Adventure is waiting on the doorstep
Experience all Anglesey has to offer from beautiful Rhosneigr
Born in 1760 in New Jersey, USA, Captain John Macgregor Skinner fought for the British, as a member of the Royal Navy, in the American War of Independence – losing an arm in process; he would also later lose an eye while serving in the Caribbean. Upon leaving the navy, Skinner moved to Holyhead where he became master of packet ships crossing the Irish Sea. In a report from around the date of the 1832 sinking of one such vessel, Escape, during which Skinner lost his life, a post-script is often added recounting a story of his maritime skill:
In 1807, he astonished seasoned mariners by successfully bringing his ship into Holyhead harbour during an exceptionally severe gale; Captain Skinner had to navigate, under sail, past numerous rocks and small islands to enter the harbour which was, at that date, much less well protected.
While we haven’t been able to find any original supporting evidence of this tale, there is no doubting the affection the people of Holyhead had for the man whose monument carries the words:
This monument was erected by his numerous friends to the memory of John Macgregor Skinner, R.N., and for 33 years captain of one of the post office packets on this station, in testimony of his virtues, and their affectionate remembrance of him in his public capacity. He was distinguished for zeal, intrepidity and fidelity. In private life, he was a model of unvarying friendship, disinterested kindness and unbounded charity. MDCCCXXXII (1832).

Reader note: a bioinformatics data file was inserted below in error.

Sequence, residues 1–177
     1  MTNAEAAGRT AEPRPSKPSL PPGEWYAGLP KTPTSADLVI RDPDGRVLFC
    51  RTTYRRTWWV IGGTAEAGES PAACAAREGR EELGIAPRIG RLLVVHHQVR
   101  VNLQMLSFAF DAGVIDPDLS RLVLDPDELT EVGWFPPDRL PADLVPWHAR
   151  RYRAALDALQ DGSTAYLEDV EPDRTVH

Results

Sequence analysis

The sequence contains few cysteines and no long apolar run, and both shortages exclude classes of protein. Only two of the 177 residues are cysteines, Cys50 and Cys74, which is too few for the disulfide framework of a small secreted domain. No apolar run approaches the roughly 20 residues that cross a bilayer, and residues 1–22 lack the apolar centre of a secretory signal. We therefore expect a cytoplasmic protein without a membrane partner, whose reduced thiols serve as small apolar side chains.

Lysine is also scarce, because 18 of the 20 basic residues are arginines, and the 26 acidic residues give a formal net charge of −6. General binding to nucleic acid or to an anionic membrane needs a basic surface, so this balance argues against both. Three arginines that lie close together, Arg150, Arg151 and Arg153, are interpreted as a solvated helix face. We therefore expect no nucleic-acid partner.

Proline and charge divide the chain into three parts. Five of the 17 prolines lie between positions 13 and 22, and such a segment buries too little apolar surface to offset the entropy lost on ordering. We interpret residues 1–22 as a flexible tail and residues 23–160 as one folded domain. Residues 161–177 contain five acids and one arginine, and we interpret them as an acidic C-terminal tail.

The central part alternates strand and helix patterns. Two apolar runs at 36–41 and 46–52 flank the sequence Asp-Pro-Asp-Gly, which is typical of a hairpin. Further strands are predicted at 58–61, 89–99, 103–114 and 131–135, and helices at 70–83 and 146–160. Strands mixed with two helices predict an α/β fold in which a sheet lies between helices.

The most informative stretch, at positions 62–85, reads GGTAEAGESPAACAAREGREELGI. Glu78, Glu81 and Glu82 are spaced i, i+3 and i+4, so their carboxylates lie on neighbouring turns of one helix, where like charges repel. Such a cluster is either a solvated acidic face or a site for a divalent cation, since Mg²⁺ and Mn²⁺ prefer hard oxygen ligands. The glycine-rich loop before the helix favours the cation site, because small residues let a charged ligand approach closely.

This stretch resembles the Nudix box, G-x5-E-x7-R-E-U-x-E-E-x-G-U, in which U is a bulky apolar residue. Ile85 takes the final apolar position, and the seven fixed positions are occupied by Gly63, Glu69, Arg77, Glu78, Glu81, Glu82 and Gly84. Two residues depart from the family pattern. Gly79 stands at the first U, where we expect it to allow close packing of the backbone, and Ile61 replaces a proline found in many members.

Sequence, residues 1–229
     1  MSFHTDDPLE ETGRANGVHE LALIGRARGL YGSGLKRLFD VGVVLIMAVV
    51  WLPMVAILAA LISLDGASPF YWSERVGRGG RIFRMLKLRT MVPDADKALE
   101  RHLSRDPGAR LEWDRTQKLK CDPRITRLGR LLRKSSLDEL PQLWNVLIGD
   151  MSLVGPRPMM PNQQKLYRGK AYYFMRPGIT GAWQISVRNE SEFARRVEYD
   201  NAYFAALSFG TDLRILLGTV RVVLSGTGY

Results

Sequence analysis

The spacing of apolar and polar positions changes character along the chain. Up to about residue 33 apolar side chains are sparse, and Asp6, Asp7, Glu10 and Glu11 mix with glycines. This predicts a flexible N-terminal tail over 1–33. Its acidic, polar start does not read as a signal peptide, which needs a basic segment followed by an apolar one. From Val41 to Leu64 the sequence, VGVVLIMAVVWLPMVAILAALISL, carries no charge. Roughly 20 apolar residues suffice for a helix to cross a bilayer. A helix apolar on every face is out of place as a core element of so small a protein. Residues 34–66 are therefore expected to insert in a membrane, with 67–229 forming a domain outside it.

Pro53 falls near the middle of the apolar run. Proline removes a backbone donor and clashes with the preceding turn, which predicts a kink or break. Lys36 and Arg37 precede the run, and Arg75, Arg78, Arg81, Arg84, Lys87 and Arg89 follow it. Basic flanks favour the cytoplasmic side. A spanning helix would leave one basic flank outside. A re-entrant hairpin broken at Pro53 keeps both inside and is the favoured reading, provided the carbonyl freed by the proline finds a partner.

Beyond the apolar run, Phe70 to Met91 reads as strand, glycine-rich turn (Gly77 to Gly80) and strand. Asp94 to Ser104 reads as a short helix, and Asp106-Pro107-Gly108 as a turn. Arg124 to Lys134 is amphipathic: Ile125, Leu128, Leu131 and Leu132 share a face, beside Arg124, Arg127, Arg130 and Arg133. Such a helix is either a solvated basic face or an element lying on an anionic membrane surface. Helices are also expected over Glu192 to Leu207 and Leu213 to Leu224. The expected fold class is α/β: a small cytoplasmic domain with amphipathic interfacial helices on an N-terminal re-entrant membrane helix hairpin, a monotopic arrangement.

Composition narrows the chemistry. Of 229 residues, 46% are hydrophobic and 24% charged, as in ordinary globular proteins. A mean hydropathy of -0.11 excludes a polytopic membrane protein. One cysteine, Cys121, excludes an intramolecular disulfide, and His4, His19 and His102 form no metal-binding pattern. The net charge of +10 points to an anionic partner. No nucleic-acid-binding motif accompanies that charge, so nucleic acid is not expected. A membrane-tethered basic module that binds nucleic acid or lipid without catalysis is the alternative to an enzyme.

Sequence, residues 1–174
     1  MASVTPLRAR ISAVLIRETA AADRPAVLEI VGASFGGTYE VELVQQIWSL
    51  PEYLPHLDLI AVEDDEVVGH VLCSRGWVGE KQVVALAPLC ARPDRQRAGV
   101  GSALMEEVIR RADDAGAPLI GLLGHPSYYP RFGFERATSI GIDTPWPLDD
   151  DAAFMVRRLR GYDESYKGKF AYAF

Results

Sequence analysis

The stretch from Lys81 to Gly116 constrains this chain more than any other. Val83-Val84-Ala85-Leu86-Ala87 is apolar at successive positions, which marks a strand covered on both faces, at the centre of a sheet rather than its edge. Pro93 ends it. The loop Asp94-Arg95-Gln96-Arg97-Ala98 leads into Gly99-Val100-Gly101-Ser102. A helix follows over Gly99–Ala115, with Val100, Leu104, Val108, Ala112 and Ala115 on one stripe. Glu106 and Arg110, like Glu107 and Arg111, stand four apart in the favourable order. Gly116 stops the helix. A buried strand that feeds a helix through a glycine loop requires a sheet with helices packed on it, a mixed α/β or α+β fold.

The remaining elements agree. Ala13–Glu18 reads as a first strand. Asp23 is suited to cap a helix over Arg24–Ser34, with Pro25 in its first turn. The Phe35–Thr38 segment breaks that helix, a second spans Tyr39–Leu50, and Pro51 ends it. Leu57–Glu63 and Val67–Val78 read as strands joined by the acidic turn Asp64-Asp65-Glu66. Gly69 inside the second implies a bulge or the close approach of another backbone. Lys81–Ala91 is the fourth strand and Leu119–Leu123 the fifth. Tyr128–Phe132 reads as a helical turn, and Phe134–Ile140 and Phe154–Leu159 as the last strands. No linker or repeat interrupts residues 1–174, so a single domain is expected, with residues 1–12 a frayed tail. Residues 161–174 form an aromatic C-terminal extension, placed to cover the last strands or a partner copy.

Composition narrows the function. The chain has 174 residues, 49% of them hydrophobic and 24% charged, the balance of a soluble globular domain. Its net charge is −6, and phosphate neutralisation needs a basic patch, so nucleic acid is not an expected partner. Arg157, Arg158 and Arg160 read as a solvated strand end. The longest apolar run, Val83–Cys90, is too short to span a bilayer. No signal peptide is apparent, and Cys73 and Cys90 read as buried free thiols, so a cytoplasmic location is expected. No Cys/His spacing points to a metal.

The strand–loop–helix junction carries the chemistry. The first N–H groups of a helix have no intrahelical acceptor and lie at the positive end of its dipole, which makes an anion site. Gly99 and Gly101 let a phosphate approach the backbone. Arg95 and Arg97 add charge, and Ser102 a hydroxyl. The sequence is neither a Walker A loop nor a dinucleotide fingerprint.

There is a permanent exhibition dedicated to Captain Skinner at the Holyhead Maritime Museum.
Where is it?
Skinner’s Monument is accessible via a winding footpath that begins a short way from the southern end of Turkey Shore Road – a position from which the monument can overlook the whole of the port and out to sea. You can find the monument by proceeding on to Victoria Road at the end of the North Wales Expressway, then taking London Road, Llanfawr Road and then Turkey Shore Road. However, there is minimal parking near the site, so it’s often better to park at either Blackbridge Car Park (expensive but closest) or attempt to find on-street parking on or around Ffordd Tudur at the other end of Turkey Shore Road. The steps for the monument are signposted and difficult to miss on foot.
Accessible year round
The site is open and accessible year round.
THE LATEST FROM THE TEAM AT DRIFTWOOD
9 Wonderful Things To Do in Anglesey During Spring 2024
If you’re visiting the island during spring here’s a superb list of what’s on and things to doContinue Reading…
The Perfect Romantic Getaway In Anglesey – Things To Do & Luxury Accommodation
There’s no shortage of romantic thinsg to do in Anglesey. Discover some great ideas now.Continue Reading…
Rhosneigr’s Year-Round Charm: The Best Times to Visit
Discover which seaons suits you best.Continue Reading…